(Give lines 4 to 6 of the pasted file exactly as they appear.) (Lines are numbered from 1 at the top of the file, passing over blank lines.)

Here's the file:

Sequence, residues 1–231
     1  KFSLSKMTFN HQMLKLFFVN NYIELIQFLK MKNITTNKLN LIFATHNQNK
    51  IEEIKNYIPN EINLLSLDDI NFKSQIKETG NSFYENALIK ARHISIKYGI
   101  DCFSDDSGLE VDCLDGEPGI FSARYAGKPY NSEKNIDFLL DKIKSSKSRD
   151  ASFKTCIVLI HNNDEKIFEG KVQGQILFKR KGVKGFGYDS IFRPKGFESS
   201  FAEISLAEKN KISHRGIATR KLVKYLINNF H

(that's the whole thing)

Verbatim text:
   101  DCFSDDSGLE VDCLDGEPGI FSARYAGKPY NSEKNIDFLL DKIKSSKSRD
   151  ASFKTCIVLI HNNDEKIFEG KVQGQILFKR KGVKGFGYDS IFRPKGFESS
   201  FAEISLAEKN KISHRGIATR KLVKYLINNF H